In two historic decisions, the Louisville Metro Council Court voted unanimously to expel Councilwoman Judy Green, D-1, from office.
The 20-member court ruled Green mismanaged taxpayer money and committed misconduct in two separate cases, marking the first time an elected official was removed in Metro Government history and the first time a Louisville official has been booted in over a century.
For over an hour, council members deliberated the charges levied against Green by a bipartisan charging committee, which stemmed from two rulings from the Metro Ethics Commission earlier this year. That panel found Green deliberately violated the ethics ordinance with her involvement in a youth summer jobs program and the rerouting of city funds through a non-profit without the council’s knowledge.
The commission recommended Green’s ouster from office after delivering a stinging letter of reprimand and censure against the embattled councilwoman.
Green resigned days before the expulsion trial began, citing health concerns and the need for constituents to move on from the scandal. However, the resignation would not have taken effect until the next regular council meeting on September 22.
Court Chairman Kelly Downard, R-16, says the council made a difficult decision, but it was necessary to go forward with the trial to clear up the controversy for the public.
“I think there’s been a cloud over this council for six months and I believe that what we did today removed that cloud. We accepted as a council our most dire responsibility to try to review whether or not to remove a colleague,” he says. “That’s not easy to do. And I think that cloud’s gone. And I believe the community was looking and watching.”
The two-day trial featured sworn testimony from several key witnesses, including Green’s former legislative aide and her current assistant, who did not take the witness stand during the previous ethics hearings. Both testified that Green ran the Green Clean Team summer jobs program.
Green previously said the LIFE Institute ran the program, which would have been keeping with the city code of ethics. rules.
Green’s former assistant Melody Hill also spoke to the other misconduct allegation and said the disgraced lawmaker instructed the organization 100 Black Men of Louisville to ask for more funds than it needed to distribute to other groups at Green’s discretion.
The court also heard from city officials, police detectives and leaders with the non-profit groups at the center of her ethics complaints.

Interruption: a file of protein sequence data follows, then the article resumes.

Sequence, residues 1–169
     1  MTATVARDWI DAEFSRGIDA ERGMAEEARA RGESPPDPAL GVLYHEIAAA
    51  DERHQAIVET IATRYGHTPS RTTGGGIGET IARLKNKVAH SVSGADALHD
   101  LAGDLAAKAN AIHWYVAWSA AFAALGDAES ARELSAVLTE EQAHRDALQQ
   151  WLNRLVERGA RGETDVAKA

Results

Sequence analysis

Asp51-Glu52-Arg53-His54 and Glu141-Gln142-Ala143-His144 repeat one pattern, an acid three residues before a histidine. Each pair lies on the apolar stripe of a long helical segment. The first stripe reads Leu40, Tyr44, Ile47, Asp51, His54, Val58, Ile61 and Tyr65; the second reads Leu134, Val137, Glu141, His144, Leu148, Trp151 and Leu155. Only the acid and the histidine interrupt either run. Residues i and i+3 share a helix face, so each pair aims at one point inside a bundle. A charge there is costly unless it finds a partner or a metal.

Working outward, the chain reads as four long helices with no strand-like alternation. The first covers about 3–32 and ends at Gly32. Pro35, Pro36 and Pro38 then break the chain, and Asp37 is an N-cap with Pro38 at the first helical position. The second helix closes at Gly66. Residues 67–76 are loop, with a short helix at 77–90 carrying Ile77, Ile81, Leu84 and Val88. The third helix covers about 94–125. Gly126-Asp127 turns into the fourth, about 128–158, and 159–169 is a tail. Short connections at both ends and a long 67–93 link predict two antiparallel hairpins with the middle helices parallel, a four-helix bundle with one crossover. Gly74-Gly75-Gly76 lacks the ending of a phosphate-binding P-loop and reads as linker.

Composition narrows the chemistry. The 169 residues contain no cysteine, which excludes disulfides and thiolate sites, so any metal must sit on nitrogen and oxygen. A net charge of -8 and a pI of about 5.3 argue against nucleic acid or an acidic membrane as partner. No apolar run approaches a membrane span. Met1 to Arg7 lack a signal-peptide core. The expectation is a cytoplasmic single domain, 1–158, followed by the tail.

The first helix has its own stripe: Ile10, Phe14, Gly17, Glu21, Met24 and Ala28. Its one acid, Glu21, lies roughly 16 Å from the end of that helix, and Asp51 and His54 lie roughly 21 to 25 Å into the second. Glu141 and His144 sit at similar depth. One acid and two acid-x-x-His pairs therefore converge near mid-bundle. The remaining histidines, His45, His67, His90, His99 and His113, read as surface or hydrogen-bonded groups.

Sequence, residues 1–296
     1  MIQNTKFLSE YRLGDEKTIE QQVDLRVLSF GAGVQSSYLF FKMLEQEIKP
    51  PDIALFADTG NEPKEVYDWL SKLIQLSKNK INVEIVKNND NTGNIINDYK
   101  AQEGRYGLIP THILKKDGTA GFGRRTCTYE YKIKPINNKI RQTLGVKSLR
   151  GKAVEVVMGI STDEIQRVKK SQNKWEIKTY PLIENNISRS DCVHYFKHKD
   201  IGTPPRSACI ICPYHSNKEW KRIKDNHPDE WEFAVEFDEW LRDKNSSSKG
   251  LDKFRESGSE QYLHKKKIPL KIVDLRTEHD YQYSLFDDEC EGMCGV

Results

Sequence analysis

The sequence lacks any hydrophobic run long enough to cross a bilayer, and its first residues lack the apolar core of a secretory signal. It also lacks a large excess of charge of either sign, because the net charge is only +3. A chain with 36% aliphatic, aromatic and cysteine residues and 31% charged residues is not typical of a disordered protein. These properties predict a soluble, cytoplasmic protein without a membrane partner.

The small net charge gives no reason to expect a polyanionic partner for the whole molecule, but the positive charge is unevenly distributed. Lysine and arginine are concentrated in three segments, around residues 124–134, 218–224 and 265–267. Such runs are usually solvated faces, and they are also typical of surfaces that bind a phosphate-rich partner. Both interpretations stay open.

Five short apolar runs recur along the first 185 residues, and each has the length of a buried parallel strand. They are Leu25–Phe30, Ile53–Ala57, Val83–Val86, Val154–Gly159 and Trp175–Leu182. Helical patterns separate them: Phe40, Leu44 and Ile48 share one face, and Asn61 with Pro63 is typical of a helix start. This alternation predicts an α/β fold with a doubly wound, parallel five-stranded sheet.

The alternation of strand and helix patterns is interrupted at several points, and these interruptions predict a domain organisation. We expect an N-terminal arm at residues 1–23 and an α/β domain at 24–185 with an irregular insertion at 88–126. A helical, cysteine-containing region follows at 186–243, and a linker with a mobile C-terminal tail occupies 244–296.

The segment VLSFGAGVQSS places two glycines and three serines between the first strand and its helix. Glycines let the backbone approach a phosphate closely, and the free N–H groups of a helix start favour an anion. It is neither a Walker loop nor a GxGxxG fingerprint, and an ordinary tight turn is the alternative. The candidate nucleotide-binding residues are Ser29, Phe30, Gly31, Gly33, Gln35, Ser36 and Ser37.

Before the trial began, Green’s attorney Derwin Webb filed a motion to dismiss the charges that was reject by the court in another unanimous vote. He walked out of the proceedings after the court decided to move forward with the trial.
Webb told other media outlets the verdict against Green was not a surprise given the council court had rejected their previous pretrial motions and that it was a “losing battle.”
The court did grant Green a delay in the removal hearing, however, when it rescheduled the hearing from mid-August to early September. She later asked for another two-week delay due to an undisclosed medical condition and submitted a sworn statement from her doctor, but the council reject that motion and set the hearing for September 12.
Councilman Kevin Kramer, R-11, was one of the five members who signed a petition to remove Green from office. He says the verdict demonstrates city lawmakers are held to a high standard and the community wanted to see that public officials were held accountable.
“It’s not a happy day, I don’t think for any of us. It is gratifying to know that after much deliberation our colleagues came to the same conclusion that we did,” he says.
Several observers had questioned if it was wise for the council to continue with the trial even after Green stepped down from office. But members of the charging committee said it was important the public know the allegations against Green were substantial no matter what the cost, adding it was not a “witch hunt” as Green’s supporters had said.
“It’s important for citizens of this community to know we hold ourselves to a standard they expect,” says Councilwoman Madonna Flood, D-24, who also signed the impeachment petition against Green. “It was very important to go through the process however long it took. Because it’s important for them to know that we take this job seriously and we take spending their tax dollars very seriously.”
During the closing argument, prosecuting attorney Gregg Hovious said Green’s conduct and hurt a lot the non-profits, her legislative aides and taxpayers. He added her actions damaged the “credibility of Metro Government” as well.
The decision to remove Green means she cannot run for office again until 2014. It will become official once the court chairman files the findings of fact with the council clerk’s office. Green can appeal the decision to Jefferson Circuit Court, but the county attorney said at a press conference that could be more difficult considering Green did not provide a defense during the expulsion hearing.
The council will have 30 days to fill the vacant seat once the expulsion is official. As WFPL reported earlier this week, former police officer Ray Barker, Sr., who filed the initial ethics complaint against Green, has announced he will seek the appointment.
For city lawmakers, there is an overall relief that the year-long scandal appears to be behind them as they prepare to move on to other issues.
“This has been an enormous interruption for everyone. I know it’s been a terribly difficult time for Councilwoman Green. My heart and all of us go out to her and her family,” says Downard. “But this is something that had to be done by a unanimous vote and it’s been done.”